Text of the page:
Recent congressional testimony makes it clear: The government?s health IT initiative will stand or fall on the ability of small practices to adopt EHRs and demonstrate meaningful use. The problem is that small practices, where nearly 60% of office-based physicians work, face significant financial, administrative, and legal barriers to technology implementation. What is being done to solve the problem?
Recent congressional testimony makes it clear: The government’s health IT initiative will stand or fall on the ability of small practices to adopt electronic health records (EHR) and demonstrate meaningful use. The problem is that small practices, where nearly 60% of office-based physicians work, face significant financial, administrative, and legal barriers to technology implementation.
The recent Congressional testimony as well as a
from the Bipartisan Policy Center (BPC) brought home the implications of that issue and how much more needs to be done. The BPC report cites government statistics showing that the percentage of office-based physicians who have at least a basic EHR increased from 16.9% in 2008 to 24.9% in 2010. Growth among primary care doctors was even more robust, jumping from 19.8% to 29.6%.
On the other hand, it’s unclear how many physicians have a system capable of showing meaningful use, or are able to do so. The Centers for Medicare and Medicaid Services (CMS) launched its incentive program on Jan. 1 of this year. Through April 30, 42,614 providers registered for it. (Those seeking rewards through the Medicare program still had to attest to meaningful use to qualify for the incentives, although Medicaid doesn’t require attestation.)
Many physicians still see obstacles to EHR adoption, the report noted. These include lack of financing; lack of a sustainable business model for health IT; implementation challenges; concerns about usability and interoperability of EHRs; and privacy and security issues. The report’s author, Janet Marchibroda, who chairs the BPC’s new Health IT Initiative, calls for additional support to help small practices, community hospitals, and clinics in rural and underserved areas achieve meaningful use.
In testimony before a House small business subcommittee on June 2, Andrew Slavitt, chief executive officer of OptumInsight (formerly Ingenix) suggested that the meaningful use criteria themselves might be one of the main barriers to health IT adoption. While 41% of office-based doctors plan to apply for the meaningful use incentives, and a third plan to do so this year, he pointed out, that still leaves the majority of physicians uncommitted.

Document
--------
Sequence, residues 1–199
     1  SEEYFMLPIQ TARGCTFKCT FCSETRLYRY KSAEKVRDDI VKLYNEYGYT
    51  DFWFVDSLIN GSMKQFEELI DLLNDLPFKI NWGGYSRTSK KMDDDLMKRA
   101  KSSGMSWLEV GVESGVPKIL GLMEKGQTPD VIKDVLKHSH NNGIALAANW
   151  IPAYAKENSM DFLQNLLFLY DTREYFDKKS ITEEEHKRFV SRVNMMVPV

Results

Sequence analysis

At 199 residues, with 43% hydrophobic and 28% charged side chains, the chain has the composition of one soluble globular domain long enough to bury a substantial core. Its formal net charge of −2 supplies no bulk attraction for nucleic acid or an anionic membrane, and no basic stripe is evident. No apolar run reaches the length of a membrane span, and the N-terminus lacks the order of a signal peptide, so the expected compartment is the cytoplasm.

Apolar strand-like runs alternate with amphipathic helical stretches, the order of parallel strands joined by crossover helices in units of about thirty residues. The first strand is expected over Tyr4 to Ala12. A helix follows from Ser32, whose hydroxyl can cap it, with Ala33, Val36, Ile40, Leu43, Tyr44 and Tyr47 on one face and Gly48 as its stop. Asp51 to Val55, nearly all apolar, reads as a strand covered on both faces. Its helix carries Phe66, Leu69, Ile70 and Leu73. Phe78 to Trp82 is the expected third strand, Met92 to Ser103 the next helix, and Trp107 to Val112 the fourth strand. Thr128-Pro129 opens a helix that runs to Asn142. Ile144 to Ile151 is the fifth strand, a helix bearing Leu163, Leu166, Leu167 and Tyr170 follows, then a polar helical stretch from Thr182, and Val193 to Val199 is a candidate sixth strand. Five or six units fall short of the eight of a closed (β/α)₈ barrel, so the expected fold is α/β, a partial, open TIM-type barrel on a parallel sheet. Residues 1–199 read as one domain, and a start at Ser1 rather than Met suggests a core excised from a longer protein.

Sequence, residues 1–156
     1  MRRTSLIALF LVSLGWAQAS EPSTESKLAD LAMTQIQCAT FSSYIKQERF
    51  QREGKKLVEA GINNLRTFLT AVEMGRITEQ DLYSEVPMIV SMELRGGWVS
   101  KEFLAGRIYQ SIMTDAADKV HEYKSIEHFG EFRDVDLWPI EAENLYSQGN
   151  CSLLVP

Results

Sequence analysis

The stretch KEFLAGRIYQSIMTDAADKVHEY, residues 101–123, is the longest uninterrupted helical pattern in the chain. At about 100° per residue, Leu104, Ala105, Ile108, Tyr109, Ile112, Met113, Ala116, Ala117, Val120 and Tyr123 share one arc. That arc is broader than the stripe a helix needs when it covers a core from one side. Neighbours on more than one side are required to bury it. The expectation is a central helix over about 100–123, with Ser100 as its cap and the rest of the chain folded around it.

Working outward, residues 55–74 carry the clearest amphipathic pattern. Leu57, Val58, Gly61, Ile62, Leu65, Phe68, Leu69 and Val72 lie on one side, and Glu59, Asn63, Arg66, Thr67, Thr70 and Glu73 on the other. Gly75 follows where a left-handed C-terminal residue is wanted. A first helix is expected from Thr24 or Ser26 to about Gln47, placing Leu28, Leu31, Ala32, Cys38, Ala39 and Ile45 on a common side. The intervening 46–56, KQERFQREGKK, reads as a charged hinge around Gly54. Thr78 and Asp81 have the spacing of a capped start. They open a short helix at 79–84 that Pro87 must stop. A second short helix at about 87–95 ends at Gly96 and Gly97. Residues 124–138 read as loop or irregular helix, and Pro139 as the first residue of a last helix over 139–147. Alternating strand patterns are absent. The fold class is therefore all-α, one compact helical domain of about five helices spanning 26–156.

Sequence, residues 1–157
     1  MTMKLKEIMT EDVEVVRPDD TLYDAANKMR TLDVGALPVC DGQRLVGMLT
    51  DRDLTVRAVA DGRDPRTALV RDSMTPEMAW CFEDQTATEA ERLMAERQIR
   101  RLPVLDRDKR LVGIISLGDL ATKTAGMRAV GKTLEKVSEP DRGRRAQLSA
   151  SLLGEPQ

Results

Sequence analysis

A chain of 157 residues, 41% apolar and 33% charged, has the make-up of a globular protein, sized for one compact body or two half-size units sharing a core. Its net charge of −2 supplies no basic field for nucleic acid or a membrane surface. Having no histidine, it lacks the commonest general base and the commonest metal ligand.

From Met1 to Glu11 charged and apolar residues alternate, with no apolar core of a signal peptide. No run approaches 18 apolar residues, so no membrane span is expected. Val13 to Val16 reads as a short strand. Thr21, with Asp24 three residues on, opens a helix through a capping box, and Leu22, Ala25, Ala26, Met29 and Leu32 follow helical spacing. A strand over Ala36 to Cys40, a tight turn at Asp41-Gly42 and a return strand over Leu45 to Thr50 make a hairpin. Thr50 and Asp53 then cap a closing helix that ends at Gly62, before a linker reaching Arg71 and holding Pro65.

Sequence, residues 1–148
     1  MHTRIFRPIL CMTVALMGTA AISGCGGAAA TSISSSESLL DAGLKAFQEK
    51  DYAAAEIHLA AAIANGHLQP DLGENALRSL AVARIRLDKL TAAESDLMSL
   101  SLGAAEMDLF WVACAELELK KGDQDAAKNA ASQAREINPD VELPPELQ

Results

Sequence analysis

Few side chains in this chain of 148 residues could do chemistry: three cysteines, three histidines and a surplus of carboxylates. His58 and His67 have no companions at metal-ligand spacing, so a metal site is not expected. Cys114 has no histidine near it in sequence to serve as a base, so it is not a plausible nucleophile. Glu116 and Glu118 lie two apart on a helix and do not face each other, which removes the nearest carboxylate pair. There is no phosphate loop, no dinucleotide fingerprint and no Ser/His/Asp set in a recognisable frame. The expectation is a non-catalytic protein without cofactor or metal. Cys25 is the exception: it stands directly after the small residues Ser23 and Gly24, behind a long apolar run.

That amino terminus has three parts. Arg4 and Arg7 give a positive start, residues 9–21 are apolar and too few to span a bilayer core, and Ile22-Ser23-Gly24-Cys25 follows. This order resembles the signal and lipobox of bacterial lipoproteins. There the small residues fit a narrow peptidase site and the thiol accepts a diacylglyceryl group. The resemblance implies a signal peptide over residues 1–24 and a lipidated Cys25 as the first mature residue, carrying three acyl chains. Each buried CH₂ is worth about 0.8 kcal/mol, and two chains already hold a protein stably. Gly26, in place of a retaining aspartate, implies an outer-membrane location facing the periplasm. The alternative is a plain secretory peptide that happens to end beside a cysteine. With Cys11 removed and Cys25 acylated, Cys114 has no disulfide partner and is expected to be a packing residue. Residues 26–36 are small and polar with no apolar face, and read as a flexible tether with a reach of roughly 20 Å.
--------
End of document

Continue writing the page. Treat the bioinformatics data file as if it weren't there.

After touching on the same challenges that the BPC report cites, Slavitt said, “The greatest barrier is that the decision support and productivity-enhancing capabilities that allow technology to solve simple problems such as connectivity, prioritization, and workflow improvement are not driving the purchase and design of technology. They have taken a back burner to all of the compliance reporting requirements needed to demonstrate meaningful use and qualify for HITECH Act incentive payments.”
He also said that “new product development is focused on satisfying those regulatory hurdles, rather than on simple innovations that improve productivity.”
Other testimony at the subcommittee hearing entitled, Not What the Doctor Ordered: Health IT Barriers for Small Medical Practices, painted an even bleaker picture. Sasha Kramer, a solo dermatologist in Olympia, Washington, said she’d bought an EHR that cost $41,000 (before a state grant of about $20,000) and lost 75% of her productivity during the month it took her to master it. Then, 2 years later, another company acquired her EHR vendor and stopped supporting her system. She estimates it will cost another $27,000 to buy a new EHR. Also, she’ll have to learn the new system all over again.
Farzad Mostashari, MD, national coordinator for health information technology at the Office of the National Coordinator for Health Information Technology, said he had dealt with the EHR woes of many physicians when he led a New York City project to put EHRs in small primary care practices. He testified that despite those challenges, “[EHR adoption] is a rewarding process and ultimately will not only lead to improved patient care and coordinated care but will help those practices succeed financially over the long run.”
While that may be true, something needs to be done to help small practices overcome financial, legal, and technology barriers to adopt EHRs in the first place, according to the subcommittee chair, Rep. Renee Ellmers (R-NC).
The bottom line: Who is going to help small practices with implementation, as well as ongoing technical assistance? Vendors don’t have enough boots on the ground to handle the load as more and more doctors purchase EHRs. Hospitals, which are helping their employed doctors, and the regional extension centers, which have
so far, may have to play a greater role.